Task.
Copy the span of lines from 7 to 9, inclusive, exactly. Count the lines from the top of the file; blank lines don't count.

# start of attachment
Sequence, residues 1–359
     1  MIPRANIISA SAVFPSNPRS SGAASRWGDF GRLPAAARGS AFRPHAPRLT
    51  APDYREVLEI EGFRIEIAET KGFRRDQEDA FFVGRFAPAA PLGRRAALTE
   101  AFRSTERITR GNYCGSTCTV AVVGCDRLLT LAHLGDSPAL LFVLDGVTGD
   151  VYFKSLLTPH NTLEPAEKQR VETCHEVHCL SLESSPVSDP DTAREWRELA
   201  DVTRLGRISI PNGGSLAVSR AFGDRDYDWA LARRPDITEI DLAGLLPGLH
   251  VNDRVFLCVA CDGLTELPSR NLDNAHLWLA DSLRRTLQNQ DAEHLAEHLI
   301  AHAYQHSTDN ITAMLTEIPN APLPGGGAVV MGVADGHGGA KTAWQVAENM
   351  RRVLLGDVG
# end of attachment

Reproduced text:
   251  VNDRVFLCVA CDGLTELPSR NLDNAHLWLA DSLRRTLQNQ DAEHLAEHLI
   301  AHAYQHSTDN ITAMLTEIPN APLPGGGAVV MGVADGHGGA KTAWQVAENM
   351  RRVLLGDVG